Readers will discuss the second selection of the Adda Book Club, What Doesn’t Kill You Makes You Blacker, on Tuesday, October 27 at 7 P.M. A link with directions will be sent to members who joined through the Adda Book Club website.

Early book orders for this event have now closed. Copies can now be purchased through our digital storefront here.

Discussion leader: Josephine Posti

For Damon Young, existing while Black is an extreme sport. The act of possessing black skin while searching for space to breathe in Americais enough to induce a ceaseless state of angst where questions such as “How should I react here, as a professional black person?” and “Will this white person’s potato salad kill me?” are forever relevant.

What Doesn’t Kill You Makes You Blacker chronicles Young’s efforts to survive while battling and making sense of the various neuroses his country has given him.

It’s a condition that’s sometimes stretched to absurd limits: creating the farce where, as a teen, he wished for a white person to call him a racial slur just so he could fight him and have a great story about it; provoking the angst that made him question if  “being straight” was something he could practice and get better at, like a crossover dribble; and generating the surreal experience of watching his Pittsburgh neighborhood getrify from predominantly Black to “Portlandia . . . but with Pierogies.”  

And, at its most devastating, it provides him reason to believe that his mother would be alive today if she were white.

From one of our most respected cultural observers, What Doesn’t Kill You Makes You Blacker is a hilarious and honest debut that is both a celebration of the idiosyncrasies and distinctions of Blackness and a critique of white supremacy and how we define masculinity.

Read the reviews:

“His essays are pointed, ruminative, often barbed and funny reflections on how the fact of his skin color has posed particular lifelong challenges, questions, and anxieties.” (“Weekend Edition,” NPR)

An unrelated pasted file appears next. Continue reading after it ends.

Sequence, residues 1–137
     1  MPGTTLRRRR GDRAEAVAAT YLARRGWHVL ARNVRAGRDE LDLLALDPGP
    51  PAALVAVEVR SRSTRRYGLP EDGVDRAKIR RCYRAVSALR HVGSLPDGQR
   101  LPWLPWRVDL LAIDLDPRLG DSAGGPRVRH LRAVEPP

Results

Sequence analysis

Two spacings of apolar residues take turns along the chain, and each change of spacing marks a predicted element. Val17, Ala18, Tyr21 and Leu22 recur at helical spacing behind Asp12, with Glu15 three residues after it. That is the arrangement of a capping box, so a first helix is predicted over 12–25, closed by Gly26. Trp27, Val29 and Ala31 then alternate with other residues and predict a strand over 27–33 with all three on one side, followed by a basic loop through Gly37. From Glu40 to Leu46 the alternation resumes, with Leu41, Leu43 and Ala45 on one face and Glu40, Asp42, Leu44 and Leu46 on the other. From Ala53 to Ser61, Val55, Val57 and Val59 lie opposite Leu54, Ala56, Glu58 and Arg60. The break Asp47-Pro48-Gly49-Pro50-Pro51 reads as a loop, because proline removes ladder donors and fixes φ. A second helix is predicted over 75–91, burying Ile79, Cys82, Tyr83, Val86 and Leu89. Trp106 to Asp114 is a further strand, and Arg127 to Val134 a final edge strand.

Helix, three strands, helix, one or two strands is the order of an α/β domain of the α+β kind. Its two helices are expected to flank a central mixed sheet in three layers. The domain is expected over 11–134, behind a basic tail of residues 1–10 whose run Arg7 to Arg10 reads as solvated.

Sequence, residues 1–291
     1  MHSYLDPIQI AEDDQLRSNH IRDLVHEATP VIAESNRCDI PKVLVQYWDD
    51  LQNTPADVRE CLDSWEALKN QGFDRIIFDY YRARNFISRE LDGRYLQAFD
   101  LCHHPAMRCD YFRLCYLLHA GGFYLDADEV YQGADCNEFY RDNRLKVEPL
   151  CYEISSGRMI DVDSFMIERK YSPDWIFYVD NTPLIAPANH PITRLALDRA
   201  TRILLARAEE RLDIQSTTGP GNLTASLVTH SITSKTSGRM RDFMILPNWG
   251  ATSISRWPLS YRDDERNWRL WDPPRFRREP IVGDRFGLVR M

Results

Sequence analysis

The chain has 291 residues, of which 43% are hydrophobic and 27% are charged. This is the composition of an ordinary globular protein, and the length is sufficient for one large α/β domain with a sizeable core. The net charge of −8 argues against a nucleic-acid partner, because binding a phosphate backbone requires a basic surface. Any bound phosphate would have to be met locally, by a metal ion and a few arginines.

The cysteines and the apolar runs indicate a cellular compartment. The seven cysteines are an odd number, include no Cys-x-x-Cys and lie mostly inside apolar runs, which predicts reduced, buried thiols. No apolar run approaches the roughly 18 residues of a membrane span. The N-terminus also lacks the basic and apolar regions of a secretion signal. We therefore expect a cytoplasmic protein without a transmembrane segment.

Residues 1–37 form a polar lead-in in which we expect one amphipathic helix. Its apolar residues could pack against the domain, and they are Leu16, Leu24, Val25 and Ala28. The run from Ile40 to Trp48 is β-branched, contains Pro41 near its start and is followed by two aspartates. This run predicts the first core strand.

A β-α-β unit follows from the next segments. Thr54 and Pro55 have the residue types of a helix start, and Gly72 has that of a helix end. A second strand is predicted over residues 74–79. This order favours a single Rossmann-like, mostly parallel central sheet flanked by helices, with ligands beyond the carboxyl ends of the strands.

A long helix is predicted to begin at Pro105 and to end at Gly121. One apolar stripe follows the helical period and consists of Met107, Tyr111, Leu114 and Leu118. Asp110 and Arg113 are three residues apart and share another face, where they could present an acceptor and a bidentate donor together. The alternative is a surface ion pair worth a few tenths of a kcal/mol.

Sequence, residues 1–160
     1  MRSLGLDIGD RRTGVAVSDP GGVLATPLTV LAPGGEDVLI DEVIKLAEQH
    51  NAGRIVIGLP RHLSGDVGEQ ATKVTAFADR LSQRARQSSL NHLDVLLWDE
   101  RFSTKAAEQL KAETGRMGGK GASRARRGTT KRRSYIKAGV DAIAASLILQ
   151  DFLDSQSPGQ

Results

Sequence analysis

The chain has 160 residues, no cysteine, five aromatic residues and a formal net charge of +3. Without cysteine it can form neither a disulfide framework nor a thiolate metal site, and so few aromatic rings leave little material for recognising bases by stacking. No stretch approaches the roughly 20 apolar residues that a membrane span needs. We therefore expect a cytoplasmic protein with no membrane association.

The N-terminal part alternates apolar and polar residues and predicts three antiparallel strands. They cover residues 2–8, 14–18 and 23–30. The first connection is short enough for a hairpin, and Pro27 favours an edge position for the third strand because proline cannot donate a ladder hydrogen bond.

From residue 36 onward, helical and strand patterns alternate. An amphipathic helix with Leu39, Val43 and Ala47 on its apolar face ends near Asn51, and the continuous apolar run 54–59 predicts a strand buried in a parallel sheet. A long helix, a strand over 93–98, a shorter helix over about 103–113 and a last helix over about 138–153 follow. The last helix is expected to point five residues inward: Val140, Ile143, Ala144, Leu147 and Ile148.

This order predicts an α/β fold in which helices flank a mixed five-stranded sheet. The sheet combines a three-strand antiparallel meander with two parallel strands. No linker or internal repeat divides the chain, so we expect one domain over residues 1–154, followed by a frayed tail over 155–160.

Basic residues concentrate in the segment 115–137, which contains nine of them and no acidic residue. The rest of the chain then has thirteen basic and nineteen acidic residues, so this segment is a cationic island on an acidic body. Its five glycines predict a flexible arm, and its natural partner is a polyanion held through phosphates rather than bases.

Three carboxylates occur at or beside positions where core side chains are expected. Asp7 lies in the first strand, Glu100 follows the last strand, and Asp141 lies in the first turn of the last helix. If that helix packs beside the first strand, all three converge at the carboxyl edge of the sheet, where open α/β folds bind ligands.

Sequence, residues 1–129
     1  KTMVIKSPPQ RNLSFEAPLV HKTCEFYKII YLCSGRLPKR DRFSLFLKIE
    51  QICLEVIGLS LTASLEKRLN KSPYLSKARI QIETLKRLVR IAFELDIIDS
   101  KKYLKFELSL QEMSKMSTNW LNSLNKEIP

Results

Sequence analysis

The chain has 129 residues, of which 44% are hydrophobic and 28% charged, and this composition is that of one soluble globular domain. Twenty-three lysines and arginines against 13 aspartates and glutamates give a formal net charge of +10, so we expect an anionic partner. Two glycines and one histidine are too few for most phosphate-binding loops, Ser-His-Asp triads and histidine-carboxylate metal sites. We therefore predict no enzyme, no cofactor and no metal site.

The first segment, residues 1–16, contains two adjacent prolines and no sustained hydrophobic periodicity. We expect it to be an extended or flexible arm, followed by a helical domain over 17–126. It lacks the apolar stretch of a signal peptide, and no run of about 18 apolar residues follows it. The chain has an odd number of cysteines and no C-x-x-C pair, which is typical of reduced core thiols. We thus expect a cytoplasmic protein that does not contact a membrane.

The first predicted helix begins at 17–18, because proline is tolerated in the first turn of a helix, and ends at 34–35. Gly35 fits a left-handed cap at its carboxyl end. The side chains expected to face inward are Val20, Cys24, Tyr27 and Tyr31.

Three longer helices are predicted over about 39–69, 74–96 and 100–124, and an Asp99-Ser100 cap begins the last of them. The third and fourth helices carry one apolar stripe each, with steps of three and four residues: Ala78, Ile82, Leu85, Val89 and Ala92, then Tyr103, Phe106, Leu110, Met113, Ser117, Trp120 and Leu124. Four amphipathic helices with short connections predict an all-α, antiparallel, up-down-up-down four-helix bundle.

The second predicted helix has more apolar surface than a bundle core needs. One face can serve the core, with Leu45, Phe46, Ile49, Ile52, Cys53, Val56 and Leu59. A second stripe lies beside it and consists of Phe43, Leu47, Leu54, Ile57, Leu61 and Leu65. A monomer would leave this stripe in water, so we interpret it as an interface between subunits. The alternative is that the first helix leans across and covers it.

“With candor, self-awareness and considerable humor, [Young] turns an unflinching eye on both himself and an American society constructed and sustained by racism.” (Washington Post)

“The VerySmartBrothas.com cofounder and senior editor for The Root has already established himself as one of our most vibrant voices on race. Now comes his first book, a blazing memoir in essays.” (Entertainment Weekly, “20 Great New Books to Read this March”)

“One of the freshest, most impor¬tant black voices on the internet.” (Mother Jones)

“Authentic, keen, and touching . . . The beauty of What Doesn’t Kill You Makes You Blacker is that Young never tries to make it easy for readers. . . this timely and powerful book. . . like the work of bell hooks and Roxane Gay, should be required reading.” (NPR)

“Readers who know Young’s work from the blog he co-founded, Very Smart Brothas, will recognize his voice, his fondness for lists, his precise, comprehensive and spectacular references to pop culture, his wit and his keen mind.” (Minneapolis Star Tribune)

“Fans of Young’s posts on VSB will recognize the wit, but these essays dig deeper than his typical blog posts. Here, you see his vulnerability and insecurities.” (Pittsburgh City Paper)

“Brave, incisive and witty. . . an essential American voice . . . Young is . . . the American writer who could bridge our racial divide . . . Sometimes as profanely magnificent as a Richard Pryor routine, but just as often droll in the vein of David Sedaris.” (Pittsburgh Quarterly)

“With this absurdly trenchant, bouncy, tragicomic, expansive yet intimate book, Damon somehow, someway, made the page bend around my head and heart in a manner I honestly didn’t think the essay or memoir forms were capable of bending.” (Kiese Laymon, author of Heavy)

A Finalist for the NAACP Image Award

A Finalist for the Hurston/Wright Legacy Award for Nonfiction

Longlisted for the PEN/Diamonstein-Spielvogel Award for the Art of the Essay

An NPR Best Book of the Year

Washington Independent Review of Books Favorite of the Year